Three weeks ago I visited The Comet replica in Ferguson’s Shipyard for the very first time. It was only then, when I climbed up the scaffolding and walked round the vessel, that I realised and understood the sheer scale of the task at hand.
My name is Niall Ptolomey and I am a trainee Cultural and Heritage support worker and a prospective History student. I am, as of now, responsible for tracking the status and progress of the Comet Rebuilt project and logging all updates in this blog. However, I feel that it is not myself that should be introduced when a proper introduction of The Comet has not yet been written.
As I am sure you already know, The Comet is a name of which Port Glasgow is immensely proud. This is obvious in the fact that the community organizes an annual festival just to celebrate its very being. It has been established earlier in this blog that we would take a look at some of the Comet’s history – both original and the 1960’s replica. An introduction to The Comet, taking the form of a post giving a brief history exploring the ship's life and death, is something that you can expect over the next few weeks. In addition, there will also be weekly updates featuring video footage and images of the reconstruction allowing you to not only read about the progress of the refurbishment, but to see it for yourself.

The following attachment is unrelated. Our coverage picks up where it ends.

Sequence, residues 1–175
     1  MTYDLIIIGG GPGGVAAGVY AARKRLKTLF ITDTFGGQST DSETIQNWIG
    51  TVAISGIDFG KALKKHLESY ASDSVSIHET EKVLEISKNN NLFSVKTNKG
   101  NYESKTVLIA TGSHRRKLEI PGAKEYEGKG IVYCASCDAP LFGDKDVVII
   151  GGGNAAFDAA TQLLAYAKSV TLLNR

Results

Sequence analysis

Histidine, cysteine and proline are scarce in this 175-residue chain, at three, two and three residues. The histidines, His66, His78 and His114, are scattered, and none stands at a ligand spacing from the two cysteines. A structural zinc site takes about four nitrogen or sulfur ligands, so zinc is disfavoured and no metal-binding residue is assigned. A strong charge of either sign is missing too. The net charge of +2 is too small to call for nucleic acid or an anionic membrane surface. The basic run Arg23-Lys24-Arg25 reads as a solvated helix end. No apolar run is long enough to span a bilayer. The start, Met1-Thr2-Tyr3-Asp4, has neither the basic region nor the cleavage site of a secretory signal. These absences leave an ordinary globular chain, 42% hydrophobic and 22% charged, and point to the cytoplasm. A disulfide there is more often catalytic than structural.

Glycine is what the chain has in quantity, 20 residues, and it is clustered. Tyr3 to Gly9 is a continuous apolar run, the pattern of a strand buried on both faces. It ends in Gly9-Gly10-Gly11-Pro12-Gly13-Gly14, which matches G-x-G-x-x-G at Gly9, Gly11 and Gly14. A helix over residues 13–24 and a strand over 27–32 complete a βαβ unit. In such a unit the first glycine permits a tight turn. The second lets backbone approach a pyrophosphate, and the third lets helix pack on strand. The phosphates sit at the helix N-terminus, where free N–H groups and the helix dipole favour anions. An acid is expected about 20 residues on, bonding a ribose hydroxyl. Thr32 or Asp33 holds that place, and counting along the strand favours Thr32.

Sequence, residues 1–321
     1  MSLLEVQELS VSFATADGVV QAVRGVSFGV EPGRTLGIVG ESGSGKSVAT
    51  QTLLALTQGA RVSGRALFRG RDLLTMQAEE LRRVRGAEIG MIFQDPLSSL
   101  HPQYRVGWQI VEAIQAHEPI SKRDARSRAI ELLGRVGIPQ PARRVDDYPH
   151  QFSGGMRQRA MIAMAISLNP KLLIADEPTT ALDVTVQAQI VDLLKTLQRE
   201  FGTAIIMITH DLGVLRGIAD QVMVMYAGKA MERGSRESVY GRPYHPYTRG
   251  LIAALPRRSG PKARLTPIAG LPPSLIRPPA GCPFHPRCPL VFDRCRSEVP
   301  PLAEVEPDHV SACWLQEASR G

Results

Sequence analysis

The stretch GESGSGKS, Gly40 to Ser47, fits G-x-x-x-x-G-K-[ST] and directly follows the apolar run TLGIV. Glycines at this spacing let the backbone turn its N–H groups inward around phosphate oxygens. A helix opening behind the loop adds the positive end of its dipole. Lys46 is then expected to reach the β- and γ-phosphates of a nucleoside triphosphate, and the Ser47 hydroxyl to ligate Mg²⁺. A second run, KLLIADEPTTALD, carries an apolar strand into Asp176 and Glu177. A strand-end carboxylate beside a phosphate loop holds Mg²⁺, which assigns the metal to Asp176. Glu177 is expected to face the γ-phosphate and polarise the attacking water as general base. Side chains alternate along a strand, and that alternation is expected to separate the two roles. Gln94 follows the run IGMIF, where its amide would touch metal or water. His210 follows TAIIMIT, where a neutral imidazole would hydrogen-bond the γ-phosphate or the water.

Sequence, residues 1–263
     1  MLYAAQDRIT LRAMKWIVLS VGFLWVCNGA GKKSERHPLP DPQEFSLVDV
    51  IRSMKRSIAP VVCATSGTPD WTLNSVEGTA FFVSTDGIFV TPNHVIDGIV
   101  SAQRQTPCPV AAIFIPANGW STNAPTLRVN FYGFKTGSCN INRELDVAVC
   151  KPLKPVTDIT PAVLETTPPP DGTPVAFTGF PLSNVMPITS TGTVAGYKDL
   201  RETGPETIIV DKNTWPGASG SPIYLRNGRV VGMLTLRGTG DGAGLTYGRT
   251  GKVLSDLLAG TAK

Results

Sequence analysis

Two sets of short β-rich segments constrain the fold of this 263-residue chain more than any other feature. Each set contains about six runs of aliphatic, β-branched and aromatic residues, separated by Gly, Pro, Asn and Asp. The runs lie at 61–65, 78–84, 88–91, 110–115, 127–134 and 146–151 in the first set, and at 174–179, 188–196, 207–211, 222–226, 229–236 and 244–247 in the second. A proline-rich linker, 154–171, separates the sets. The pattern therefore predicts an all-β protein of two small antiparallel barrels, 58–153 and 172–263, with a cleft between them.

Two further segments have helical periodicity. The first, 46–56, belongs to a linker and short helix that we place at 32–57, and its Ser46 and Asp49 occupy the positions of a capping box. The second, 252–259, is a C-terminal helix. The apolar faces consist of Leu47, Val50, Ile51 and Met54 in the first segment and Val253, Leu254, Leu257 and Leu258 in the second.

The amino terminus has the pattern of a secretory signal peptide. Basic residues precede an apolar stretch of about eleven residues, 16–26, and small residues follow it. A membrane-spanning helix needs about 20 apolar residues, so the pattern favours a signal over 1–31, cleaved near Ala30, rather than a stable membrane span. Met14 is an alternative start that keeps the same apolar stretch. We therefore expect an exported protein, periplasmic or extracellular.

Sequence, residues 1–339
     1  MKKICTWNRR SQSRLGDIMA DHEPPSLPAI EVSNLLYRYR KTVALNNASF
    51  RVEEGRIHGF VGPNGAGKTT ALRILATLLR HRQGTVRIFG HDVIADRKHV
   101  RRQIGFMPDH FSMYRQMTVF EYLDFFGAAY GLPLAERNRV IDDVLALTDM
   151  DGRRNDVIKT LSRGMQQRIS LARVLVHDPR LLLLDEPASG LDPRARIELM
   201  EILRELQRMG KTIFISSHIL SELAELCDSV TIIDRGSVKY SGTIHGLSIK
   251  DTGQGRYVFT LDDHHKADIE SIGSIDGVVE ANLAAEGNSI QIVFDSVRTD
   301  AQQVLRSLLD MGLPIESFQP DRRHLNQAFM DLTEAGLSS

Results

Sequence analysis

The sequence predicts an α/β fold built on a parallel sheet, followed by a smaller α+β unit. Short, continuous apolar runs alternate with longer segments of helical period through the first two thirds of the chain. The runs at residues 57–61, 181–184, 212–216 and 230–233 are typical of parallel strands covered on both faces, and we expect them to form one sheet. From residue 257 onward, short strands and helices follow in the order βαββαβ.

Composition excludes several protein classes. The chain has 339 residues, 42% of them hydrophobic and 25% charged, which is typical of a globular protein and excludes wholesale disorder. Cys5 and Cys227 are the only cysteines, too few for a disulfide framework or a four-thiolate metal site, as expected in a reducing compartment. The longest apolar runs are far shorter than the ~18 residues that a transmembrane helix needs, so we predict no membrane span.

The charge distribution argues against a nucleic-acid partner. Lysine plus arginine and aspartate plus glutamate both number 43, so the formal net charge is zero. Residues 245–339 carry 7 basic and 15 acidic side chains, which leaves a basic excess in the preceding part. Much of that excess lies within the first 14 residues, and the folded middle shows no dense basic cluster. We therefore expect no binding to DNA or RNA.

But why is The Comet so important? And to raise a question raised here before - why are we even bothering with the refurbishment at all?
The answers to these questions lie in the fact that The Comet is part of Port Glasgow’s cultural heritage; meaning that it’s something we have inherited from a past generation and it is our job to maintain and bestow it in the present for the benefit of future generations. That, generally, is the belief that the whole Comet Rebuilt Project is based on.
British Sign Language Translation